I have never really known there is more to being a street child than just walking around and asking for handouts like money and foodstuffs from passers-by . Looking at them you might wonder what their way of life might seem like . Many questions might run through your mind like where they sleep, what they eat, where they come from and where their parents might be . Majority of these families have no permanent houses of their own . They shelter themselves in polythene thatched structures while some of them would sleep in open air under old abandoned vehicles. Their clothes that were possibly new at some point are now tattered and rugged beyond recognition . Their shoes, torn and worn out you can see toes and heels peeping out. Their skin is covered with dirt patches, rashes and looking closely you may notice a variety of scars an epitome of how drastic and nasty street life can be.
According to statistics I found on Google there is an estimated 250,000 street families in Kenya and over 60,000 reside in the capital city, Nairobi. Among them is one, Mama Njoki who has lived in the streets of Nairobi for over 30 years now not knowing any of her family members. I had a chance of talking to her and she opened up to me about her life in the streets over the years. She was very particular on the hazards of living in the streets with the elder male street kids walking around at night. She lives in just another jungle of street families around Globe Cinemax, just under a tunnel of a main highway connecting the city of Nairobi to it’s outskirts . Here there are so many different families with very different characters and ideologies. For them experience is their only teacher, the closest they have been to a classroom.
Over the years, across the street corners , Mama Njoki has been widely known as Jamo in contrast to her real name being Margaret. Jamo is short form or nickname for James, a name given to people of the male gender. Like most female street children, Margaret tells us she lived almost 20 years of her life using the name Jamo and other male attributes like a fake hoarse voice , walking style and a male dress code as camouflage or a self-defense mechanism in order to survive in the streets. Over the years of posing as a male, none of her friends or even people she met on the streets ever at once suspect she was of a different gender.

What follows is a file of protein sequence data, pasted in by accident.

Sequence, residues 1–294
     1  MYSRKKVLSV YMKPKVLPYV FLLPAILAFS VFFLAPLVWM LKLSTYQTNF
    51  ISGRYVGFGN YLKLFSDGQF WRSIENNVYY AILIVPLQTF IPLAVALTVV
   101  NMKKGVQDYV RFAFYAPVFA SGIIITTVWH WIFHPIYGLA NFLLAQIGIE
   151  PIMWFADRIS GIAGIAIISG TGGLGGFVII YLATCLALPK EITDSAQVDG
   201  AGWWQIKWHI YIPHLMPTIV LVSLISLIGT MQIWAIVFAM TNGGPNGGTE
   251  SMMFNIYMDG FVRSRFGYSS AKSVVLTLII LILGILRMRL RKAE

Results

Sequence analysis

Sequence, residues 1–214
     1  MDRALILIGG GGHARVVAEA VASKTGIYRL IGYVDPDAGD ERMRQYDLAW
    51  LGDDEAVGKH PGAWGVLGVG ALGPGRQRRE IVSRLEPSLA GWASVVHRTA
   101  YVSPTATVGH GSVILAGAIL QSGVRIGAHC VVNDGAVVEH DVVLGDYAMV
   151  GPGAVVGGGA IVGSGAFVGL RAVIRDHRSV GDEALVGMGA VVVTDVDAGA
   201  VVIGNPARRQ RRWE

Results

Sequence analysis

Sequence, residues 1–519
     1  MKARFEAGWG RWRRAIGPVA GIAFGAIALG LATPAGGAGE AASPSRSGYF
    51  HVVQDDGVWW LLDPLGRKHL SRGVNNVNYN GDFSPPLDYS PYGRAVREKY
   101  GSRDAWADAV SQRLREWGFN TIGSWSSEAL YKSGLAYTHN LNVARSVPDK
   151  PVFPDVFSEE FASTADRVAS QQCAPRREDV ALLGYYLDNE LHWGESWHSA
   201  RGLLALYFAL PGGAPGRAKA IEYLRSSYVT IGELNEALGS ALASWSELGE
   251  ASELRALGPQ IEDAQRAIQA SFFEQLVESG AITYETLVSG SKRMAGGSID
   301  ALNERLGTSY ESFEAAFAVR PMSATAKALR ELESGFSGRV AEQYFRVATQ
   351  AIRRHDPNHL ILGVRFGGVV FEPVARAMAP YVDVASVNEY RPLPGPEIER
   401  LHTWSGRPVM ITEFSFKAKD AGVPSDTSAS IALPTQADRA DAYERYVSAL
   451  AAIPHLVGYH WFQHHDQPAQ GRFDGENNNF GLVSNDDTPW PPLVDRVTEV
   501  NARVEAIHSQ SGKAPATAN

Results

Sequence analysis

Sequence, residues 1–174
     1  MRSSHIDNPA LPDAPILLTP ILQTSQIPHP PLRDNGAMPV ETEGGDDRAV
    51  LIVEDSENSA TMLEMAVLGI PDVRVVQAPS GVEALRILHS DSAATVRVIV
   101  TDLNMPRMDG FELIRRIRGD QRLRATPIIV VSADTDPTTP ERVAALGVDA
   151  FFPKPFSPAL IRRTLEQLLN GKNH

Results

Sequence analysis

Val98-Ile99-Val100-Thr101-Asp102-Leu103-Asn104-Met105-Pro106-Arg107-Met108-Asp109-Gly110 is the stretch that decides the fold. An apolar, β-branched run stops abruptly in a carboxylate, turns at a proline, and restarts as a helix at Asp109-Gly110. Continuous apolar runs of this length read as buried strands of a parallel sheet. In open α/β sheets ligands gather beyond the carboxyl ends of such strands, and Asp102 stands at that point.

Her taking up this role was as a result of what she had witnessed in the streets over the years. She has witnessed so many of her female mates being taken advantage of and sexually abused by not only the elderly street kids but also night guards and police patrolling around the city during the night. This is the reality in the streets, happens everyday without even a bat of an eyelash from anyone in the streets. But then again given our corrupt societal landscape , perhaps those living in the streets are considered non-entities unworthy of protection.
Over the years it was dead contrary to the common experience when time is found to have built its own defensive lines. It took Mama Njoki over twenty years to surpass this but eventually she did and went back to living comfortably as a female. All those years in the streets in the streets have given her power over so many families and even the elderly male street kids who take advantage of the younger ones. According to her, they have all lived in the streets for almost the same period of time giving them equal right out there. Experiences has taught her all the ways of the streets and she now has all forms all of self defense for anything that comes her way. She sees so many younger girls, new to the streets going through what she went through. This cycle remains unbroken. If the streets are practice ground for this behavior, then who will be next? Will it be her daughters?